Champions #1 Review

by Charles Martin on October 07, 2020

Champions #1 Review
Writer: Eve L. Ewing
Artist: Simone Di Meo
Colourist: Federico Blee
Letterer: Clayton Cowles
Publisher: Marvel Comics

Miles Morales serves as our initial viewpoint character as the world reacts to Kamala's Law.

Here's the skinny: Super-hero-ing under the age of 21 is now illegal in the United States, with a special federal task force (C.R.A.D.L.E.) in place to enforce the law.

The Champions eventually bring up a maybe-important exception to the rule: Teen heroes can operate under the "mentorship" of adult heroes. This means Kamala's Law basically throws the Marvel universe into a Silver-Age DC situation where teens must be sidekicks.

This is antithetical to the Champions' mission statement, and Ms. Marvel makes that a key point of her pirate broadcast announcing to the world that the Champions will keep on heroing. She formed the team to catch the balls that adult superheroes were dropping in their intramural conflicts like Civil War II. The entire point of the Champions was for teen heroes to solve problems on their own, and Kamala's committed to carrying on that mission.

Miles is perfectly placed to witness reactions both in civilian life and within the team. He's at Brooklyn Visions when Ms. Marvel makes her broadcast. Surprisingly, support for the Champions is far from universal. Miles's friend Jamilah announces her intent to found a pro-C.R.A.D.L.E. club.

Even more surprisingly, Miles sees similar divisions in a secret Champions meeting. Kamala made her broadcast unilaterally, and not all of her teammates are on board. Some question their right to act independently and the risks they subject themselves and their communities to -- and some question Kamala's leadership.

Eve Ewing does a great job of mining out the full implications of Kamala's Law. There are valid viewpoints on both sides of the conflict, and every character is acting reasonably. 

Her script also turns up some excellent follow-on details. The NYPD attempts to arrest Miles in a mugging sting. The cops aren't particularly enthusiastic about enforcing Kamala's Law, but they don't want C.R.A.D.L.E. on their streets, usurping their authority.

On the visual side, Simone Di Meo and Federico Blee do an excellent job bringing a cerebral script to life with some passionate visuals. Mr. Di Meo's great strength is in blocking dynamic panels that aren't afraid to get up close and personal with the characters. While this approach is generally effective, it does sometimes inhibit the flow of the story. It's also difficult to keep track of the vast cast during the meeting scene; there are teen heroes in there that I don't even recognize.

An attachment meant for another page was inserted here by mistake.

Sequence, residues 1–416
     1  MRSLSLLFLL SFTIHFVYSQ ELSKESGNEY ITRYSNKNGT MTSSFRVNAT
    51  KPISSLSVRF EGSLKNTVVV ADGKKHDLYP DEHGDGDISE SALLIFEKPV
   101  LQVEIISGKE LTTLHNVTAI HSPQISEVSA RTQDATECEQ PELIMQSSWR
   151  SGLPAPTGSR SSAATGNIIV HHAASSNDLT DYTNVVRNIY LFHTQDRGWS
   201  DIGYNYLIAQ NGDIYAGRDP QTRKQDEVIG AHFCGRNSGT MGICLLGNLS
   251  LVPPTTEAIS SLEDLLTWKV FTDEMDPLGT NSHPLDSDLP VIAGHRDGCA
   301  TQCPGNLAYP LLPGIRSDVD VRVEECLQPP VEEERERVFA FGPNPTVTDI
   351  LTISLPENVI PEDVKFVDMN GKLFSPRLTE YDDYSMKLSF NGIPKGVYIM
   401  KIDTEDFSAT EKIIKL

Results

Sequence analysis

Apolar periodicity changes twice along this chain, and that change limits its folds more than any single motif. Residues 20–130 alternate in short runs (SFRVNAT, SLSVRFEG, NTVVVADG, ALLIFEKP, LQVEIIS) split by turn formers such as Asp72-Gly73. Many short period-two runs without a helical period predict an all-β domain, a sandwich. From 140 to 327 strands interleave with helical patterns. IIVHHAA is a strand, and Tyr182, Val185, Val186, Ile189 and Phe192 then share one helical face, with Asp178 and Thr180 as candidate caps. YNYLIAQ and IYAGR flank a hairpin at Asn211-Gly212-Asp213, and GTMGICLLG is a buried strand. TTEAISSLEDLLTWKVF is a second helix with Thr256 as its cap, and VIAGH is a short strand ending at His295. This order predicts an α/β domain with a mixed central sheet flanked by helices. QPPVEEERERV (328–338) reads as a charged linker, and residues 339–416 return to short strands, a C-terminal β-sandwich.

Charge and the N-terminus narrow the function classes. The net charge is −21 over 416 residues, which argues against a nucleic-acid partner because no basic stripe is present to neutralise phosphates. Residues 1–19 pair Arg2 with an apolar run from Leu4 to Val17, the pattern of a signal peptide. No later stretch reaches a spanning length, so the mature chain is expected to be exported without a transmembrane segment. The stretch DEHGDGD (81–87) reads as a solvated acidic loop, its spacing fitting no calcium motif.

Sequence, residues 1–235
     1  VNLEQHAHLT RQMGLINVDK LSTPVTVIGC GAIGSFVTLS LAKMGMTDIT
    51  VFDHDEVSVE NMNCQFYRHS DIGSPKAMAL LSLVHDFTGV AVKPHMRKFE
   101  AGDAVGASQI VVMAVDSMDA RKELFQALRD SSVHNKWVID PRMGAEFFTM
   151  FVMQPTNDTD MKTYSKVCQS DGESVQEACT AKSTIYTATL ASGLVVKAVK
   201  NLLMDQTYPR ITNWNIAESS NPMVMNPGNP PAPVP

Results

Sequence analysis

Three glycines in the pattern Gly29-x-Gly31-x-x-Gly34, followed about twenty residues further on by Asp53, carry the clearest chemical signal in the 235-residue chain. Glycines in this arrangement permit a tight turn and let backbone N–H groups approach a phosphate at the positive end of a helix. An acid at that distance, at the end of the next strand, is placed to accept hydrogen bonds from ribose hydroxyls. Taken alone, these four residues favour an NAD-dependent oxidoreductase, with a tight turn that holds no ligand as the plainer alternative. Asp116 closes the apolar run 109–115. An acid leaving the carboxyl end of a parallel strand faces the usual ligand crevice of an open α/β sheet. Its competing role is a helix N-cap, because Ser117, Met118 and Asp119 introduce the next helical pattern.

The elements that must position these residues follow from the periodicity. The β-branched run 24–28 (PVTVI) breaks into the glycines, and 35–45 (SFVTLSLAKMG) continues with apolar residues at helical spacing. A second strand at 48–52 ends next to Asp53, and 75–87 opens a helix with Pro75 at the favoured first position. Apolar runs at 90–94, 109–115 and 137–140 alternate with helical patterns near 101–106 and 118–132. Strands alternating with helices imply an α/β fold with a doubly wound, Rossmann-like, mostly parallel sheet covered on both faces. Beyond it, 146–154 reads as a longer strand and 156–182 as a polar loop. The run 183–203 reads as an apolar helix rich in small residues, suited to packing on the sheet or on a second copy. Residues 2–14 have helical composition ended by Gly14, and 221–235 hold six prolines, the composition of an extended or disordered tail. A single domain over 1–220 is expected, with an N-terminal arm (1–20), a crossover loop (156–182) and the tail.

Federico Blee's colours are smart and vivid. A lot of this story revolves around virtual communications (Ms. Marvel is doing her broadcasting and also attending the Champions meeting remotely), and Mr. Blee has a talent for giving the real world and the virtual screens distinctive but equally vibrant colours.

The creators aren't afraid to expand the Champions already-lengthy roster in this issue. One of its most pleasant surprises is the presence of new teen heroes in the meeting. Squirrel Girl is there, as are Moon Girl and Miles's female anti-hero pal, Starling. 

Ms. Ewing also makes the most of a busy script by loading in relatable problems alongside the weightier philosophical issues. The Champions open up their meeting chatting about the difficulties of laundering superhero costumes when you're maintaining a secret identity.

Her script also establishes an important link between philosophy and practicality. As noted above, not all the Champions agree with Ms. Marvel's decision to soldier on. And big as this team is, members bowing out could have a serious impact on their effectiveness. Pinpoint, for example, is one of the heroes who's most hesitant to continue. Losing his teleportation powers would be a serious blow to the team. He is instrumental in helping the Champions escape a C.R.A.D.L.E. ambush in the last act -- what will the Champs do if he quits?

Dynamic art and a solid, thoughtful script help sell this initial issue of the Champions. It's a big team and there are a lot of different opinions on their new status as law-breakers; Champions #1 takes the time to explore the possibilities while also throwing in quite a bit of action.

Our Score:


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Hooray, Squirrel Girl lives! Now if this series can just rope in Gwenpool …